A Reverse Exchange Primer

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For the first time in a couple of years, we’re starting to get more calls about reverse exchanges.  To me, this is a positive indicator that things are slowly starting to get better in the real estate industry. It means that buyers are actually confident enough that we’ve hit bottom, and they’re willing to go on the hook to purchase new property when they still haven’t sold their old property.

Since it’s a hot topic again, and since there are several different types of reverse exchanges, now is a good time to do a quick primer on what reverse exchanges are, how they work and what options are available to you, the investor.  

A basic starting place is that in a 1031 exchange, the IRS will not let you take title to your new property while you still hold title to your old property.  This makes sense because if it weren’t so, people would claim the property they bought five years ago is replacement property for one they just sold.  Realizing, however, that there are legitimate reasons to buy a new property first in a 1031 exchange, the IRS has issued guidance on structuring reverse exchanges. Essentially what happens in a reverse exchange is your 1031 intermediary takes title to one of the properties (typically the new one) and holds it until your old property sells.

In order to document that a new property is part of an exchange, the IRS requires that your intermediary set up an entity that takes title to the new property until the close of your old property. 1031 law gives your intermediary broad powers to act on your behalf, so they won’t allow someone other than your intermediary to handle this role.  To summarize the basic structure: you hold title to one of the properties and your intermediary holds title to the other until your old property sale is complete.

Safe Harbor Reverse Exchanges:  The IRS specifically blesses what is typically called a “safe harbor” reverse exchange. If the intermediary structures the exchange a certain way and you complete the sale of your old property within 180 days from when the intermediary takes title to the property, the IRS automatically blesses your reverse exchange. And though they will not audit your exchange, they may still look at parts of it to make sure that you meet the safe harbor requirements.  Many 1031 intermediaries do safe harbor reverse exchanges, but because of the administrative costs they are not cheap.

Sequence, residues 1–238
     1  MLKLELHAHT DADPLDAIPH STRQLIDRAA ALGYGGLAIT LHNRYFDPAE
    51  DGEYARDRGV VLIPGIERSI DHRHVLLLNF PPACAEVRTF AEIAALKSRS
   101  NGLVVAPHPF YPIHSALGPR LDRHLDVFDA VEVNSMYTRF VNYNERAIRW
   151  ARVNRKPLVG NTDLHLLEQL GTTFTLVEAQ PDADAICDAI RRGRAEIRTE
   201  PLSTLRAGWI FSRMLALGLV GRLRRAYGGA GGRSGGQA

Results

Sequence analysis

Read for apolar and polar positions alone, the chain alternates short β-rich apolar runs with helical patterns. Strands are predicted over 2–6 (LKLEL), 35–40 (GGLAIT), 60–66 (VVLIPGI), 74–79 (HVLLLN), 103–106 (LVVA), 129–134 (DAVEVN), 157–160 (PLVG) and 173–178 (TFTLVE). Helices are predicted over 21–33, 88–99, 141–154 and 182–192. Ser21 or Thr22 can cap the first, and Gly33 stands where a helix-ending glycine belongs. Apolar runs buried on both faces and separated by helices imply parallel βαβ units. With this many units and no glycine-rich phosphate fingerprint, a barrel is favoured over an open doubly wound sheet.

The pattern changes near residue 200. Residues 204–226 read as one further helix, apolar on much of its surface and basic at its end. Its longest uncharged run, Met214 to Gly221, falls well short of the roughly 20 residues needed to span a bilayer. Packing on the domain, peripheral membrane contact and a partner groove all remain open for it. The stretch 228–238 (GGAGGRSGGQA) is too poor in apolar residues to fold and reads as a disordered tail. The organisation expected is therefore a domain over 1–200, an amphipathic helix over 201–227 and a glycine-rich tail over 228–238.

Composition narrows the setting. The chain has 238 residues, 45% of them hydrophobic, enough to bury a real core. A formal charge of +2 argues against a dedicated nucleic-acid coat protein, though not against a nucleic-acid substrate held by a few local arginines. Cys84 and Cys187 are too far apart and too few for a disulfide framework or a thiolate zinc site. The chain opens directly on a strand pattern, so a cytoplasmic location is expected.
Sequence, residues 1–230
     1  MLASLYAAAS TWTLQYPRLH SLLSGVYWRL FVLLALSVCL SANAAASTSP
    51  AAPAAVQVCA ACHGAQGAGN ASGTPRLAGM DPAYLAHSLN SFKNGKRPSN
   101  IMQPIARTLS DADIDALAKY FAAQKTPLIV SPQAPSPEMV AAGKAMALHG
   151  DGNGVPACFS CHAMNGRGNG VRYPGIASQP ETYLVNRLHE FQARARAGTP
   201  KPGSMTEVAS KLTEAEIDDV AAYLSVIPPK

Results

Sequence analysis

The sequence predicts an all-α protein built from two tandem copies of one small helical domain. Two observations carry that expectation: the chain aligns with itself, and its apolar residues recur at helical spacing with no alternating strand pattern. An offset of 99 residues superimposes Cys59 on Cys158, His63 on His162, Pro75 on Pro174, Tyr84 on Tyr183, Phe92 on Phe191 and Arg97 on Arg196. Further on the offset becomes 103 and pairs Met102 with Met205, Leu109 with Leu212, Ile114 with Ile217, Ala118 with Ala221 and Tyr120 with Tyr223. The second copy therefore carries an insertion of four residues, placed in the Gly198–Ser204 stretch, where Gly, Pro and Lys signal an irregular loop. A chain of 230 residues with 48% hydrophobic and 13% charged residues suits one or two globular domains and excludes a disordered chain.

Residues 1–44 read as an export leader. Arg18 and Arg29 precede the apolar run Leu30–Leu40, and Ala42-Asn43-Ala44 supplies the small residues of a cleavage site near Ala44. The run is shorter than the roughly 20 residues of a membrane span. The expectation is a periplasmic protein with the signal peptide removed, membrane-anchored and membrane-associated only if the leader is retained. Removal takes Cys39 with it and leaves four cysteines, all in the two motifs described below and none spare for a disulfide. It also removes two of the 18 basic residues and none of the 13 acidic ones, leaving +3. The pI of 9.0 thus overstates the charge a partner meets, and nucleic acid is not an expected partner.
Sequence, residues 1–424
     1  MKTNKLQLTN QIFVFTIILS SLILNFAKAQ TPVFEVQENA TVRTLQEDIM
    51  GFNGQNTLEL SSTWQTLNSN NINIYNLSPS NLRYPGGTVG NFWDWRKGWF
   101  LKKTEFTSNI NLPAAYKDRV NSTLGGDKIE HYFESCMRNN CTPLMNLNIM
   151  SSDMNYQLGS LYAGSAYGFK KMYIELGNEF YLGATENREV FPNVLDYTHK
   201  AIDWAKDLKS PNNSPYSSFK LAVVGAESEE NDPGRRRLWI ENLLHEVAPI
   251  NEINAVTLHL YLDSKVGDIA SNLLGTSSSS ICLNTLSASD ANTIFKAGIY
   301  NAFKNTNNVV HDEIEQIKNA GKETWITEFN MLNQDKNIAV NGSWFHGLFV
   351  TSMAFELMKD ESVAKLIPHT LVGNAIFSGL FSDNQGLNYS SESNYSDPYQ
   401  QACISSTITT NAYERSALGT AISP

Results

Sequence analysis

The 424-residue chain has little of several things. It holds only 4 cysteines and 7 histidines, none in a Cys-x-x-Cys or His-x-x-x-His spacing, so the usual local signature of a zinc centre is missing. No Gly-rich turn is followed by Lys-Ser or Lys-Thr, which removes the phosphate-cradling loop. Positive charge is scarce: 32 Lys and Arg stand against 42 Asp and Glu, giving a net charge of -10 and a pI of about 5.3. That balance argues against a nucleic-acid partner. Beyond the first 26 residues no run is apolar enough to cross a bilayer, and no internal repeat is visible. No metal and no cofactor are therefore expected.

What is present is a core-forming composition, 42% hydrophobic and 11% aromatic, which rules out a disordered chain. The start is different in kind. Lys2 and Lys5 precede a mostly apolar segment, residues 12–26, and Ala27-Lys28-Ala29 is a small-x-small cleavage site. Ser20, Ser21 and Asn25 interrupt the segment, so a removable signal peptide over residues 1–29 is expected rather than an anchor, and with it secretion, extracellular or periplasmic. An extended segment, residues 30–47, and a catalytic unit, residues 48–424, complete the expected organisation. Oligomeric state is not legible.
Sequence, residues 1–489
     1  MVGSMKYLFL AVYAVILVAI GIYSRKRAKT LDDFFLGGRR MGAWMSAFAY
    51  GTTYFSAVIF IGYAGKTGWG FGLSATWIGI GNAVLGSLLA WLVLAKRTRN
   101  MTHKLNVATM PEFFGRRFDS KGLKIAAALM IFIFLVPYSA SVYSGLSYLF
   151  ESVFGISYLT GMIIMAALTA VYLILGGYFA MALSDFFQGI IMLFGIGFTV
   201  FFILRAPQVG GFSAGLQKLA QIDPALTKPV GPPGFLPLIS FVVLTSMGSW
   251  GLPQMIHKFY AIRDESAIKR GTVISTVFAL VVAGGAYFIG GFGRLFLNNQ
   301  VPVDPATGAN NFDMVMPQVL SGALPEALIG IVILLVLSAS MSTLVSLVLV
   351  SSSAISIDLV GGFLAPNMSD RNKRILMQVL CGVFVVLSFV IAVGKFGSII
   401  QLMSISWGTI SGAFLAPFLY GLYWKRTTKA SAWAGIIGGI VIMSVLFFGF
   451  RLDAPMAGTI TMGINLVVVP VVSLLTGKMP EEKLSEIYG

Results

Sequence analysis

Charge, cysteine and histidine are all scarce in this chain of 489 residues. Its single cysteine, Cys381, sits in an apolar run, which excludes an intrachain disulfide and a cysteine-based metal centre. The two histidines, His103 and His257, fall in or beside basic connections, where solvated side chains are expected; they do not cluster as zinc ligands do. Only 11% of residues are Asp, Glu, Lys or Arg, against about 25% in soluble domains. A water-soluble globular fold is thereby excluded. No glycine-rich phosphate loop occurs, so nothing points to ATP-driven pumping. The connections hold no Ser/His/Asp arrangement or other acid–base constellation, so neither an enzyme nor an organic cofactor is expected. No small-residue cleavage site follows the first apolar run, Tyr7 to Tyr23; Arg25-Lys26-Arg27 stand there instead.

Non-Safe Harbor Reverse Exchanges:  The IRS acknowledges that not every reverse exchange can be completed within the 180 days. While non-safe harbor exchanges are not disallowed, they don’t receive the same blessings that safe harbor transactions do.  In other words, the IRS doesn’t automatically disallow them, but may look at them more in-depth than a safe harbor transaction.

The documentation is different for safe vs. non-safe reverse exchange, so you’ll have to decide before the documents are drafted which way you may want to go. Safe is, well, ‘safe;’ more reliable but with fewer options. Non-safe has more flexibility, but incurs additional challenges. Very few intermediaries will do non-safe reverse exchanges, and they are more expensive than safe harbor reverses.

Construction Exchanges:  You can buy a piece of bare land and build a building on it to qualify as the replacement property for the sale of your old property.  While it’s theoretically possible to sell your old property, buy the bare land and spend enough on construction to satisfy the exchange requirements within 180 days of the sale of your old property, it’s very difficult anywhere in the United States to get the necessary permits and approvals to do any significant construction within that time. If it’s nailed to something attached to the dirt: it’s real estate. If it’s a pallet of lumber sitting on the dirt, it isn't; and therefore it's not exchangeable.

Since 1031 rules say that once you take title to a property your exchange is complete, virtually all construction exchanges involve some form of reverse exchange. Your intermediary will, in this case, take title to the bare land and do the construction for you.  And since all construction takes time (large projects can take 3 or 4 years or more), almost any construction exchange will involve a non-safe harbor transaction. This means your pool of possible 1031 intermediaries will be very small.

Improvement Exchanges: You can buy an existing property with part of your exchange proceeds and use the balance of the funds to make improvements to it.  Like construction exchanges, once you take title in your name, the exchange is complete on that property. So again, these types of transactions are structured as reverse exchanges with the intermediary taking title until the improvements are complete.  Unlike construction exchanges, however, most improvements are completed within the 180-day timeframe, so these tend to be safe-harbor type transactions. Most intermediaries that do reverse exchanges can handle these for you. 

One pitfall to be aware of is that oftentimes a real estate investor starts out doing a straight exchange and then finds a fixer-upper, or doesn’t communicate their intention to do an improvement exchange with the intermediary. Then and only then does he find out his intermediary does not do reverse exchanges at all. The result is that either his exchange fails or a large part of it is taxable.  If there is ANY possibility of you doing a construction or improvement exchange, make sure you communicate that to the intermediary before you retain them. Make sure they have the ability and expertise to handle your exchange.

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